How did a Republican program introduced on the eve of the George H.W. Bush administration wind up in the crosshairs of the Republican Congress under House Speaker Paul Ryan (R-Wis.) twenty-five years later? Here, at the beginning of the attempt to repeal Obamacare, let’s take a quick trip down memory lane.
It was in 1989 that economist Stuart Butler proposed an individual mandate in a Heritage Foundation monograph, A National Health System for America, practically on the eve of Bush’s inauguration:
The requirement to obtain basic insurance would have to be enforced. The easiest way to monitor compliance might be for households to furnish proof of insurance when they file their tax returns. If a family were to cancel its insurance, the insurer would be required to notify the government. If the family did not enroll in another plan before the first insurance coverage lapsed and did not provide evidence of financial problems, a fine might be imposed.
That autumn, in Assuring Affordable Health Care for All Americans, a conference talk, Butler explained why the provision of health care is unlike almost all other markets:
If a man is struck down by a heart attack in the street, Americans will care for him whether or not he has insurance. If we find that he has spent his money on other things rather than insurance, we may be angry but we will not deny him services – even if that means more prudent citizens may wind up paying the tab.
In 1991 Mark Pauly, of the University of Pennsylvania, elaborated on the concept, in a widely-read article in the journal Health Affairs. The individual mandate became the basis for a Congressional Republican proposal introduced in 1993 as an alternative to Hillary Clinton’s anticipated proposal of a single-payer national health service. The scheme was subsequently endorsed (subscription required) by Newt Gingrich.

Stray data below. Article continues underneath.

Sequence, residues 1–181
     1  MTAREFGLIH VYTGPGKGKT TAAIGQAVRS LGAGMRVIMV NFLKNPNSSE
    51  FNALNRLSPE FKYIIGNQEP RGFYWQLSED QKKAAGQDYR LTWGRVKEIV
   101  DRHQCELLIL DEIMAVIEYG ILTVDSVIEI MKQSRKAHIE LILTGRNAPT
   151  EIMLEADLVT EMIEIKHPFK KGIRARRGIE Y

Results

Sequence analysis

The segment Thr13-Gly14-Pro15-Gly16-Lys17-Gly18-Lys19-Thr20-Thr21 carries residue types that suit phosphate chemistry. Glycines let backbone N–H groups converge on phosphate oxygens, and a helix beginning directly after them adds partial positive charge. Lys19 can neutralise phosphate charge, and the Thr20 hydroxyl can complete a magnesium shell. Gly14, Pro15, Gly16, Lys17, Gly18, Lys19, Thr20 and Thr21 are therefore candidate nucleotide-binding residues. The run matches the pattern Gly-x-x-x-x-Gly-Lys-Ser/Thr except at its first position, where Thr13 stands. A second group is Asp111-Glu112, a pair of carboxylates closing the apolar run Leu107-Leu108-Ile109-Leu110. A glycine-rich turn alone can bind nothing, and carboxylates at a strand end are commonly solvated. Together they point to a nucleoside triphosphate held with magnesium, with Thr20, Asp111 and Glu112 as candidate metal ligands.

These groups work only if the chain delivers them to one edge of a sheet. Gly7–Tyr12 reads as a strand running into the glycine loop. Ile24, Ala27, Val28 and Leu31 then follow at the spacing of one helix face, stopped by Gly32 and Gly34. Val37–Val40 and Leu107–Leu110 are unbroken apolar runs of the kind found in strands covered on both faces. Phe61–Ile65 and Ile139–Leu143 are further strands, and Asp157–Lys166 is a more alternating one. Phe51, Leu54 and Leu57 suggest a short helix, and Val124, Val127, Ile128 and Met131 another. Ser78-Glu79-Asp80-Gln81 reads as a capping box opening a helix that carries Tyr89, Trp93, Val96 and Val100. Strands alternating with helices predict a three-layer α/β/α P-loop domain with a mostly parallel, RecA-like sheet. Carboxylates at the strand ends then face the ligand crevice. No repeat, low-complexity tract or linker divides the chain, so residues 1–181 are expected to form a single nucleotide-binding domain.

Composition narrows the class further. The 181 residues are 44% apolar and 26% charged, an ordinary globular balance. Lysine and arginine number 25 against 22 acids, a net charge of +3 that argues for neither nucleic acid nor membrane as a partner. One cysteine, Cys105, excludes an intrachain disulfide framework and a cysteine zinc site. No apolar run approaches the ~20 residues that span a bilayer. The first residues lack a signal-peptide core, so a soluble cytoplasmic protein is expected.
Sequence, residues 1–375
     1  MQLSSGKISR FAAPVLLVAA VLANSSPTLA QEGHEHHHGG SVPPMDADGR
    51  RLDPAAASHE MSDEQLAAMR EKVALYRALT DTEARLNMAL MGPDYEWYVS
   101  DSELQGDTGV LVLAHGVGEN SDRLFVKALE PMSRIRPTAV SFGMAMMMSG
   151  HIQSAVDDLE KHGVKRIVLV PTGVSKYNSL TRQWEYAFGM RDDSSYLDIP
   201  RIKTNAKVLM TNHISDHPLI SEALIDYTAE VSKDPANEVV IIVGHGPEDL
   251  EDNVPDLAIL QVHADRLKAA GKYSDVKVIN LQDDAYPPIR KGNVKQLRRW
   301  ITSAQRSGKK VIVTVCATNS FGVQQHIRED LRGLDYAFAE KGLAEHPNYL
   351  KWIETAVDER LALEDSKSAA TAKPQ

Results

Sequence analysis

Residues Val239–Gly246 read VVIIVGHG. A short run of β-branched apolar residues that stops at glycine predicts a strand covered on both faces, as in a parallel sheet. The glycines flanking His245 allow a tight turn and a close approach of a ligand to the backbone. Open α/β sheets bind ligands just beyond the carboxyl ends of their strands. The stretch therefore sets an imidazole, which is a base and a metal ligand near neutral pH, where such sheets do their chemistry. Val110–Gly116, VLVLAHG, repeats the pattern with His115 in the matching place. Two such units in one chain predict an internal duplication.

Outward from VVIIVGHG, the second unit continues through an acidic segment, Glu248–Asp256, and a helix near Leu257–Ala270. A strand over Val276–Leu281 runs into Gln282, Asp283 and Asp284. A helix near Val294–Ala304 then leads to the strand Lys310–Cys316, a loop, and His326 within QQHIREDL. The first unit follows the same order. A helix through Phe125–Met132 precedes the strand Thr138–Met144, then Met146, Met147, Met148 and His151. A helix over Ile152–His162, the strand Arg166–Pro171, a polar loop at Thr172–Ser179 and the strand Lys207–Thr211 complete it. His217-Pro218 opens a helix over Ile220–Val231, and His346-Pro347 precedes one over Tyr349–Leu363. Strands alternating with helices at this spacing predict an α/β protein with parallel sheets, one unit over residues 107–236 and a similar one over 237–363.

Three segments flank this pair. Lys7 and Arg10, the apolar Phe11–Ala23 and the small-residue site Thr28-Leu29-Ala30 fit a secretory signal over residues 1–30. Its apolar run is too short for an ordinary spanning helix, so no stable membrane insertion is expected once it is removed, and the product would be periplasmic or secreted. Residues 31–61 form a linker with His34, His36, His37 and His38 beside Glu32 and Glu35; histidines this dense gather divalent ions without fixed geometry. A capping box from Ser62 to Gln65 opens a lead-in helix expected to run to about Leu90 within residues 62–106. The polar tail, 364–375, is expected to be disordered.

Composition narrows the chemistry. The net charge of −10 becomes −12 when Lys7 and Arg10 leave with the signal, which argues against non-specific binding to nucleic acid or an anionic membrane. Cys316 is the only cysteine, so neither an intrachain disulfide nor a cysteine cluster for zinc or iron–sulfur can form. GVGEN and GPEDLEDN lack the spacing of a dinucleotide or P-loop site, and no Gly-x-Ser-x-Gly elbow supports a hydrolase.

And in 2006, Massachusetts Gov. Mitt Romney, who was preparing to run for president, explained his health insurance plan for Massachusetts this way in a Wall Street Journal op-ed article (subscription required):
Some of my libertarian friends balk at what looks like an individual mandate. But remember, someone has to pay for the health care that must, by law, be provided: Either the individual pays or the taxpayers pay. A free ride on the government is not libertarian.
When the individual mandate became the basis of Obamacare, in 2010, Butler sought to wiggle out of credit for the idea:
The confusion arises from the fact that 20 years ago, I held the view that as a technical matter, some form of requirement to purchase insurance was needed in a near-universal insurance market to avoid massive instability through “adverse selection” (insurers avoiding bad risks and healthy people declining coverage). At that time, President Clinton was proposing a universal health care plan, and Heritage and I devised a viable alternative.
Why do today’s Republicans hate the individual mandate so much? The roots are to be found in the 2010 mid-term Congressional election that produced the Tea Party. As libertarian law professor and Tea Party theorist Randy Barnett told James Taranto, of the WSJ editorial page, in an interview (subscription required) in 2011: